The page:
At the same time it is very likely that the Placita had a systematic arrangement. see Runia 1996b). The first example is discussed by Burkert in his recent critical assessment of DK. which by its synthesis of P and S gives a misleading picture of a text which is Democritus’ work On mind (Peri Nou). we shall be able to reassess the argument from analogy used by Usener and Diels regarding the connection between the Placita and Theophrastus’ De sensibus. 18 Burkert 1999. then. Aëtius II. In addition.The extent of reorganisation is quite clear (1–7): P has the sequence “Anaximander – Xenophanes – Posidonius/ Stoics – Plato – Anaxagoras/ Democritus – Anaximenes/ Parmenides/ Heraclitus – Pythagoras”. cf.17 At any rate. 336). Moreover.20 This text provides us with remarkable information on sense perception absent from the De sensibus.4 (see Runia 2005) do not allow for that.g. We know that the Problemata are originating in the Peripatos and contemporary to Theophrastus.g. 20 See Baltussen 2002c. 903a8 ff.18 Burkert here signals an unexpected problem with the presentation of texts in DK.. the capacity of animals to perceive objects in degrees.21 There is no reason for surprise. Burkert points out that in this case it is the text from Theodoret (often relegated to the apparatus in DG). which helps us to understand the error. a collection which owes its foundations to the reconstruction of the doxographical tradition in the Doxographi Graeci. The text he adduces is Leucippus B1. In P the arrangement is far less systematic. Runia’s analysis makes clear that the order of the sections in Aëtius is in fact different from that presented by Diels in DG. and it is remarkable because it is evident that the information is very relevant to that found in the Theophrastean text (below). 19 A problem I discussed also in Baltussen 2002b. There are other details of interest. This result gives us a good idea of the degree of abbreviation in P (note that Aëtius had 15 positions).). S has inserted Stoic views from Areius Didymus. p. My second example is meant to bring out the highly artificial distinction between the testimonia (“A” fragments) and quotations (“B” fragments) in the reconstruction of the thought of the Presocratics in DK.] Probl. 17 9 . for as Runia (1989) has persuasively shown. one which he says is rather deceptively certain. Diels (often rightfully) follows P. once such a reconstruction has been achieved.19 A text from Anaxagoras. Two further examples will show the problematic nature of the Aëtian texts in DK. but these are not relevant here (e. when we find that the work includes references to Runia 1989: 246 ff. This conclusion will be of considerable importance in the reconstruction of the lost Placita. but this example and e. Mansfeld & Runia 1997: 194. found under A74 DK (= [Arist. might actually have stood in a context which resembles the (in)direct transmission of Theophrastus’ De sensibus. In S one would find “Anaximander – Xenophanes – Anaxagoras/ Democritus – Heraclides / Ocellus – Pythagoras – Plato – Posidonius/ Stoics”. 21 Flashar 1983: 333–341 (esp. the ordering of views in S goes from fire (position 1) down to the earthy in the last place.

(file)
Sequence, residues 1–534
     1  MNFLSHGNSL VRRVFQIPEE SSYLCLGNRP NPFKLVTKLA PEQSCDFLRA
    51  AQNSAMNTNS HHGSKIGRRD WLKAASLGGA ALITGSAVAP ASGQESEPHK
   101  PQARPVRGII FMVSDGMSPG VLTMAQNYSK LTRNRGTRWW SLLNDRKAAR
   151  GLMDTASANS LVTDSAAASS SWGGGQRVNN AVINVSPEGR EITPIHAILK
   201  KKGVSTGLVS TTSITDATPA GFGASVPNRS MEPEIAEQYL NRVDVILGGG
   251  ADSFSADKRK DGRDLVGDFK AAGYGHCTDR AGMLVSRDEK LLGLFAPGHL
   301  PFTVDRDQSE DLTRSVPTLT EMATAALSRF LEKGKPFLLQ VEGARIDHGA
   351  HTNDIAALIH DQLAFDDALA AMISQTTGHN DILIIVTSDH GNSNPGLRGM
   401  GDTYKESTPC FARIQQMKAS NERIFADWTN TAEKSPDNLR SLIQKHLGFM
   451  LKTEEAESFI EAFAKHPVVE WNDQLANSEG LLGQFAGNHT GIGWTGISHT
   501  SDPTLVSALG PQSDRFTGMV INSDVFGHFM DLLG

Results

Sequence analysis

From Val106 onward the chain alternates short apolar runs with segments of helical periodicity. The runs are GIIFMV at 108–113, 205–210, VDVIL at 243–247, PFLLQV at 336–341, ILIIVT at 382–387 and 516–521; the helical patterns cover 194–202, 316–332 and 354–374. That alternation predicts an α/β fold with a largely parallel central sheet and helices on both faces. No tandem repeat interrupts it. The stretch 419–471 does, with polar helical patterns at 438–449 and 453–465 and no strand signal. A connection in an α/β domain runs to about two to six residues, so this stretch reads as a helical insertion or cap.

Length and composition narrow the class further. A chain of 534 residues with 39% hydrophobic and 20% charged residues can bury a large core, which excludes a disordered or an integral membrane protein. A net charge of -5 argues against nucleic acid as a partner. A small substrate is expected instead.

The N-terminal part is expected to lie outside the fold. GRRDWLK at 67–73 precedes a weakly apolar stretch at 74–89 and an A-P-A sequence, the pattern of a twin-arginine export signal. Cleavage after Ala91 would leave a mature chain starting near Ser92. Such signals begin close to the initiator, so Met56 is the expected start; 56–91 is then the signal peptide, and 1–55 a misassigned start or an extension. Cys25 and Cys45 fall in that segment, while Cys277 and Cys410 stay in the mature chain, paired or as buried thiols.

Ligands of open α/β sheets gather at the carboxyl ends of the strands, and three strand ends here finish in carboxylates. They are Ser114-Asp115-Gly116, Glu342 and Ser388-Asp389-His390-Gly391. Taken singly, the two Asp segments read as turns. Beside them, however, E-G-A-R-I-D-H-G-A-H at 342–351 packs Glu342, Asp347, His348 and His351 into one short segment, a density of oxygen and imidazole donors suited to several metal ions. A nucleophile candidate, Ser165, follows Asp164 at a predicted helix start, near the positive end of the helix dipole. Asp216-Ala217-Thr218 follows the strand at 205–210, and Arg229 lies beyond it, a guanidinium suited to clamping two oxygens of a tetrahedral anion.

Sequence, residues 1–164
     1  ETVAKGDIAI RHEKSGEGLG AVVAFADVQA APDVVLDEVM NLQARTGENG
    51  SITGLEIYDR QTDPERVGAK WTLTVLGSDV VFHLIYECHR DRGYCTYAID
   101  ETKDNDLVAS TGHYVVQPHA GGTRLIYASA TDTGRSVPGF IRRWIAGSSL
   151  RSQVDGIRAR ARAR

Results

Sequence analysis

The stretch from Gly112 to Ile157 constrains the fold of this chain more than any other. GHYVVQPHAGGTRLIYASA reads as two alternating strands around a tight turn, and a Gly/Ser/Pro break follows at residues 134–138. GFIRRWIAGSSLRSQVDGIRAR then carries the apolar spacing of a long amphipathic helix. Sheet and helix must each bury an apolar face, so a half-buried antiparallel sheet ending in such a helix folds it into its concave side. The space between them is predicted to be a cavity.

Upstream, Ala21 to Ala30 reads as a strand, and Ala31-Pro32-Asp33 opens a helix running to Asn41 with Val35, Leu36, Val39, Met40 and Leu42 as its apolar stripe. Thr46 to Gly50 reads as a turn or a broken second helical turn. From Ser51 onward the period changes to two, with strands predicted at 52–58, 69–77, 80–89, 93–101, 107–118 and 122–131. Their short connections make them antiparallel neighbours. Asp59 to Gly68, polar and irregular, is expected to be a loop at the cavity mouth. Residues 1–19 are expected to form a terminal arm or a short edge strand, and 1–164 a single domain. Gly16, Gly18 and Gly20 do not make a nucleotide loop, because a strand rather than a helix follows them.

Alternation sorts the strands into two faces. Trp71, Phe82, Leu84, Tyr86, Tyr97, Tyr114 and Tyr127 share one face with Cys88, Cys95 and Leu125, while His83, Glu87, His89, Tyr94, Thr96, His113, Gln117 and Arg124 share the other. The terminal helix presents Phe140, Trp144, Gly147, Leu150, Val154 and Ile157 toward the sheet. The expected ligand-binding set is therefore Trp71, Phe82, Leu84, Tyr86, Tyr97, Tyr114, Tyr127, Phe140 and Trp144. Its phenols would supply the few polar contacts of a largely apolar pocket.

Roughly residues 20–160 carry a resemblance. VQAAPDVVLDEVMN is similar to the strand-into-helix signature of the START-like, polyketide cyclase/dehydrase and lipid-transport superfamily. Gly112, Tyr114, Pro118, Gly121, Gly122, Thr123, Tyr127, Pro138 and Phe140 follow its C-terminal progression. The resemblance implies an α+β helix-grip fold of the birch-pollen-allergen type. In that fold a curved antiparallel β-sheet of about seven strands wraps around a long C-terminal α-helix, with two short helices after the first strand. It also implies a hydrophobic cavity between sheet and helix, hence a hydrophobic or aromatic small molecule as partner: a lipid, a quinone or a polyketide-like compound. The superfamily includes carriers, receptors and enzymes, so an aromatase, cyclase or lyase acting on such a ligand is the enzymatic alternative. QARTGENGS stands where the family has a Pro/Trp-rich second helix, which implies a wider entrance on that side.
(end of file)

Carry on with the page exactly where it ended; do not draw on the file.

according to Theophrastus.16–17—Goulet 1992 = 2001: 71. Anaxagoras is also mentioned talking about the klepsydra. and that it is easier to hear when there is no sound? To be compared are DS 8. In Diels-Kranz the privileged position of the B-frag- Analysis based on Baltussen 2003a. One could give other examples in authors who are important for the transmission of ancient philosophical views. In another section of the Probl. there are strong arguments for placing the fragments together as suggested by the foregoing discussion instead of keeping them separate in two or three sections.) were already included by Diels in his reconstruction of the tradition.). the other to the doxographical tradition (emphasis on opinions). while at night calmness reigns on account of the disappearance of the heat. 22) that fr. in particular because of one specific aspect highlighted in Theophrastus’ treatment of Anaxagoras: the importance of the role of degrees and accuracy of sensory experiences. n. Although there is no secure evidence for a link between this passage and De sensibus (we should note that there is no mention of the sense of hearing in the Problemata).8–9. because during the day the air warmed up by the sun sizzles and emits sounds. II.the Presocratics. claim that we see better during the day than at night—clear parallels to the passage quoted above. as Richard Goulet has shown (1992 = 2001: 70 ff.1. 22 10 . In addition. And in fact the doxographical elements appear in section 27 (compare also II.L. He even thought that there is a connection between the intensity of colour and the size of the surfaces on which they make their imprint (DS 28). τῆς δὲ | νυκτὸς ἡσυχίαν ἔχειν ἅτε ἐκλελοιπότος τοῦ θερµοῦ. and 27 on the other. II. and the most likely source would be Theophrastus. A74 DK in fact provides us with genuine information on Anaxagoras’ views. διὰ τὸ τῆς µὲν ἡµέρας σίζειν καὶ ψοφεῖν τὸν ἀέρα θερµαινόµενον ὑπὸ τοῦ ἡλίου.L. and often he has to assume a plurality of sources: for instance. which confirms his view that air can be an active agent on water (914b9–10: Τῶν περὶ τὴν κλεψύδραν συµβαινόντων τὸ µὲν ὅλον (10) ἔοικεν εἶναι αἴτιον καθάπερ Ἀναξαγόρας λέγει˙ ὁ γὰρ ἀήρ ἐστιν αἴτιος). εἶναι δὲ µᾶλλον ἀκουστὸν µηθενὸς ὄντος ψόφου; Why are sounds better heard at night? Is it as Anaxagoras wants us to believe.3. II. A74.23 In other words. 23 Certain important passages from Diogenes Laertius (D. where Empedocles and Anaxagoras. we are still in a position to posit a likely connection. From these indications we can infer that there was a strong link between the Anaxagorean testimony and a Peripatetic context. Such a conclusion reflects well on the quality of the information found in Anaxagoras fr. one belonging to the lives of sages. we should note that Anaxagoras also discussed the relation between size and efficacy of sense organs: in De sensibus 30 he seems to claim that “large animals hear loud sounds better”. on the one hand. 18. I have discussed both passages in Baltussen 2000a: 174n.8). in the first book of D. there are some good indications that Diogenes has used two traditions to describe the life and thought of Thales. even if we do not have a so-called direct quotation22: Διὰ τί εὐηκοωτέρα ἡ νὺξ τῆς ἡµέρας ἐστίν; πότερον ὥσπερ Ἀναξαγόρας φησί. I have therefore suggested (n.